LONDON -- After surgeons completed a six-hour operation to fix the hole in a boy's heart, Angus McEwan supervised one of the more dangerous phases of the procedure: transferring the fragile three-year-old from surgery to the intensive care unit.
Thousands of such "handoffs" occur in hospitals every day, and devastating mistakes can happen during them. This one went off without a hitch, thanks to pit-stop techniques of the Ferrari race-car team.
"It was smooth. We didn't miss anything," said Dr. McEwan, a senior anesthesiologist at Great Ormond Street Hospital for Children. His role as leader of the handoff was partly modeled after Ferrari's "lollipop man," who uses a large paddle to direct drivers to the pit.
In one of the more unlikely collaborations of modern medicine, Britain's largest children's hospital has revamped its patient handoff techniques by copying the choreographed pit stops of Italy's Formula One Ferrari racing team. The hospital project has been in place for two years and has already helped reduce the number of mishaps.
The challenge of moving a patient to another unit, or to a new team during a shift change, is an old one. In 1995, one man in Florida had the wrong leg amputated after a flubbed handoff. "If you transfer a patient to the ICU after surgery and the ventilator isn't ready, you're really riding on the edge" of patient safety, says Allan Goldman, head of the pediatric intensive care unit at Great Ormond Street Hospital and a chief architect of the hospital's collaboration with Ferrari.
A 2005 study found that nearly 70 percent of preventable hospital mishaps occurred because of communication problems, and other studies have shown that at least half of such breakdowns occur during handoffs.
American hospitals are starting to improve the way they transfer patients. As in Britain, they are borrowing ideas from fields more skilled in the art of high-risk handoffs, including aviation, spaceflight and the military. Last week the Royal College of Surgeons of England and Dr. Goldman's hospital held an international conference on the subject. One of the speakers was a British submarine commander who spoke about lessons from the Kursk, the Russian submarine that sank in 2000.
Kaiser Permanente of California, a health system with 37 medical centers and 8.6 million members, has a handoff method based on a change-of-command system developed for nuclear submarines. At Trinity Medical Center in Rock Island, Ill., nurses and doctors actually "pass the baton": They place documents with key patient information inside a plastic baton and pass it on during a patient handoff.
A facility in St. Joseph's Health System in Orange, Calif., uses a method it calls "Ticket to Ride" -- a series of questions about the patient's medications, infections and other medical issues, that have to be asked of a person transferring the patient between departments. Blount Memorial Hospital in Maryville, Tenn., encourages its staff to "Just Go NUTS," an acronym for a four-step handoff routine it recommends (Name, Unique issues, Tubes, Safety).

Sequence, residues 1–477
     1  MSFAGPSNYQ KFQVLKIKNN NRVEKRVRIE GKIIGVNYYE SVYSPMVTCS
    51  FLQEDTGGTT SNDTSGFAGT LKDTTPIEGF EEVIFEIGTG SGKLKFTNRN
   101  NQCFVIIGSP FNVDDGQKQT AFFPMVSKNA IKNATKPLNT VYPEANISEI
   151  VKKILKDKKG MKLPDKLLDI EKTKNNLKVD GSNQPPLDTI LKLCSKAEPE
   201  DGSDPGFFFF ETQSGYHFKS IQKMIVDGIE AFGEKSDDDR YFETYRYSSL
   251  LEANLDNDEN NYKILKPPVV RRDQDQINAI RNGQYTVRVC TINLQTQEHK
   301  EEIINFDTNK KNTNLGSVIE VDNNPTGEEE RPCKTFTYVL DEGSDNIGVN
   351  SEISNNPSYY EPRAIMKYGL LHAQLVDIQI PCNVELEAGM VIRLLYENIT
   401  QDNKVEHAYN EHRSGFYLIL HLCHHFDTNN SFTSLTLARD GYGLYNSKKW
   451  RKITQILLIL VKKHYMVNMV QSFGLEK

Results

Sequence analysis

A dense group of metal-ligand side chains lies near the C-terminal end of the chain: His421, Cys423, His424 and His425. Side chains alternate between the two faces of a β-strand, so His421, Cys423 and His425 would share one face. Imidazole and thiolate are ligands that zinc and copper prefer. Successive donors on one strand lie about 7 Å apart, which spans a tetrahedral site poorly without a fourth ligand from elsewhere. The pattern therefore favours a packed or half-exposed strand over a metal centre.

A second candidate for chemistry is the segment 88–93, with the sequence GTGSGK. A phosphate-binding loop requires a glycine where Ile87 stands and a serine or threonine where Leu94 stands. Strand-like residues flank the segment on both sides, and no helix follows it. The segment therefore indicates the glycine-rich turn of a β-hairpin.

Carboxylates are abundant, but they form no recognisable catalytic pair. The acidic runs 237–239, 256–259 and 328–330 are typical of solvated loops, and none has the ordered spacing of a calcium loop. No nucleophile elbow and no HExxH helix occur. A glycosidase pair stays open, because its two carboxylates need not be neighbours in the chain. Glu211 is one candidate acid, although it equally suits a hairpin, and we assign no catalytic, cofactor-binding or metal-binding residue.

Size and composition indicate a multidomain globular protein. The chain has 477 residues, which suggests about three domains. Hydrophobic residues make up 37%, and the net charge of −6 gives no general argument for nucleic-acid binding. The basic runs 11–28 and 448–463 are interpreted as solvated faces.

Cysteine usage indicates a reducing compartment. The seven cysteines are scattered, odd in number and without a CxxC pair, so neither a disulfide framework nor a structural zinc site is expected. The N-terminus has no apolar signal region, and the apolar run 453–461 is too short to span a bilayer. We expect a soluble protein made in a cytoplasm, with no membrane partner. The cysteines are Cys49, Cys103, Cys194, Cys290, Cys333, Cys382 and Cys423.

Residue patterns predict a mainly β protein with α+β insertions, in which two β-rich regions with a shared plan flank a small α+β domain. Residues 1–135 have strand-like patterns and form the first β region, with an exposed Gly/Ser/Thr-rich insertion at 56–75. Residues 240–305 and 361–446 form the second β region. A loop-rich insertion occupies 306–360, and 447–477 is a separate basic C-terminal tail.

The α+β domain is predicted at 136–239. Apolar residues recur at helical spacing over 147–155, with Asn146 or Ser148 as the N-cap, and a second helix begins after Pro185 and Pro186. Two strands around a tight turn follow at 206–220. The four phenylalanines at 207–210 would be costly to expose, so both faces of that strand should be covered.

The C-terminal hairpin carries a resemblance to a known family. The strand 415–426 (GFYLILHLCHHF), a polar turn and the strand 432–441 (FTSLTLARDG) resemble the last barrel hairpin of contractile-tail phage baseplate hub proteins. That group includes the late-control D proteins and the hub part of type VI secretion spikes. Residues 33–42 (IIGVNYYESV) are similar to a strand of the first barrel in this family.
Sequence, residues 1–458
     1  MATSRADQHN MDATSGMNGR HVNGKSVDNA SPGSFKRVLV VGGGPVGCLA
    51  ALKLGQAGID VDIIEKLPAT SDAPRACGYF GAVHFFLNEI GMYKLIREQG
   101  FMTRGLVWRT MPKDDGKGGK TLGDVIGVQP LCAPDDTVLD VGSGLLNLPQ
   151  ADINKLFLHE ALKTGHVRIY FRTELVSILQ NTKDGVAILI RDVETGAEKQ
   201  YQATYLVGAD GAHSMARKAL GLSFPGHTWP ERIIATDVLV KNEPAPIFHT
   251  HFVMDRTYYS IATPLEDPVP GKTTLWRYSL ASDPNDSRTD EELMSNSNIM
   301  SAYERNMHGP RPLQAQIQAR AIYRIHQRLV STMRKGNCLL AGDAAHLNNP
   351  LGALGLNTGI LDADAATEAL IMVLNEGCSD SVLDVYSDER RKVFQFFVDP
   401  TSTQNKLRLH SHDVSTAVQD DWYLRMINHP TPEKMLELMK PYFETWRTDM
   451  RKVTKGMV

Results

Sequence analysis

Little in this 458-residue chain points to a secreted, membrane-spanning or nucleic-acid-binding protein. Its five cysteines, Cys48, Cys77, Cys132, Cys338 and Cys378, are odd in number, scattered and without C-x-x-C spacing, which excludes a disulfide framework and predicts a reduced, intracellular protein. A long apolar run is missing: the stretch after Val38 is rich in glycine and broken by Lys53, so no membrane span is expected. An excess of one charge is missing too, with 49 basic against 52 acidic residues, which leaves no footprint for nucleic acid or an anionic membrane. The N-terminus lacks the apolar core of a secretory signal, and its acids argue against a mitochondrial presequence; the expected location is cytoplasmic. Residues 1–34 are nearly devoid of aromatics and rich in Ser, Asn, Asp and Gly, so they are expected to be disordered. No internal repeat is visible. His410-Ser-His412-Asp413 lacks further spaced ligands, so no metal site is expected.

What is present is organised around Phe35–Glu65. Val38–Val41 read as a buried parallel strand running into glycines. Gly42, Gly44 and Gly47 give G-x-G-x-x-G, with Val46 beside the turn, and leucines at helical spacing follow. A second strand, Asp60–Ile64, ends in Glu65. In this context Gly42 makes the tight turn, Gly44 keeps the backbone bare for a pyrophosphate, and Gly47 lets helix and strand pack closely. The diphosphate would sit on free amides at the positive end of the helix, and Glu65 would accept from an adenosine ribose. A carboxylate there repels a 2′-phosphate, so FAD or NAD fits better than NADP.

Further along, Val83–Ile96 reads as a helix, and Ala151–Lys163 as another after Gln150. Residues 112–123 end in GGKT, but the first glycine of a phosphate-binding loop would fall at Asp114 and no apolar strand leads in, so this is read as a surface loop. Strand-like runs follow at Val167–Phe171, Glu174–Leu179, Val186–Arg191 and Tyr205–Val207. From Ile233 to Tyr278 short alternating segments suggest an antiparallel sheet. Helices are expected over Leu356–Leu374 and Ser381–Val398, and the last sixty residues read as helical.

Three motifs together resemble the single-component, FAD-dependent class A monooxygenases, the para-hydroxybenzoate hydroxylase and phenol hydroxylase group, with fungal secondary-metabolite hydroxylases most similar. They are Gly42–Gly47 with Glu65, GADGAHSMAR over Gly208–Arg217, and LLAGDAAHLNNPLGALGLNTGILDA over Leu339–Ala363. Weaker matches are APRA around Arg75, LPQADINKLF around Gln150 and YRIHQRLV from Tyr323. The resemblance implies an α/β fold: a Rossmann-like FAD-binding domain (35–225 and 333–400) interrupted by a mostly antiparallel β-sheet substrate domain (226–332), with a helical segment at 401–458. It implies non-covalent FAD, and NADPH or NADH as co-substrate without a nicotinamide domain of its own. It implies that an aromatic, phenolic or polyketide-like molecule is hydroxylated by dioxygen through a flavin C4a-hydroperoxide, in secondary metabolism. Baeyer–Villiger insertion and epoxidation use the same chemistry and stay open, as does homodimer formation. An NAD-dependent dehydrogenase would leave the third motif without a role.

Recent trends have increased the risk during handoffs. A nurse shortage means more hospitals are hiring temporary staff. Because of new rules, medical interns are also working fewer hours, which makes shift changes -- and therefore handoffs -- more frequent. At the same time, some surgeons work in larger teams and connect patients to an ever-growing tangle of wires and tubes.
Earlier this year, the Joint Commission on Accreditation of Healthcare Organizations began requiring U.S. hospitals to standardize their approach for handoff communications or risk losing their accreditations. Without accreditation, hospitals can find it harder to get reimbursed by Medicare and private insurers.
Founded in 1852, the Great Ormond Street Hospital was one of the first children's hospitals in the English-speaking world. In 1929, J.M. Barrie gave the hospital full copyright and royalties of his children's classic, Peter Pan.
The facility treats 100,000 children each year and is known for its expertise in infant heart surgery, a field where a lot can go wrong. Two decades ago, a lot did go wrong.
Between 1987 and 1993, surgeon Marc de Leval performed 104 "arterial switches" at Great Ormond Street Hospital. The operation corrects a congenital heart defect and is often done within the first two weeks of a newborn's life. At one stage, seven of Dr. de Leval's patients died in quick succession. Horrified, he decided to retrain at another institution before returning to Great Ormond Street Hospital. He didn't have such an alarming run of failures again.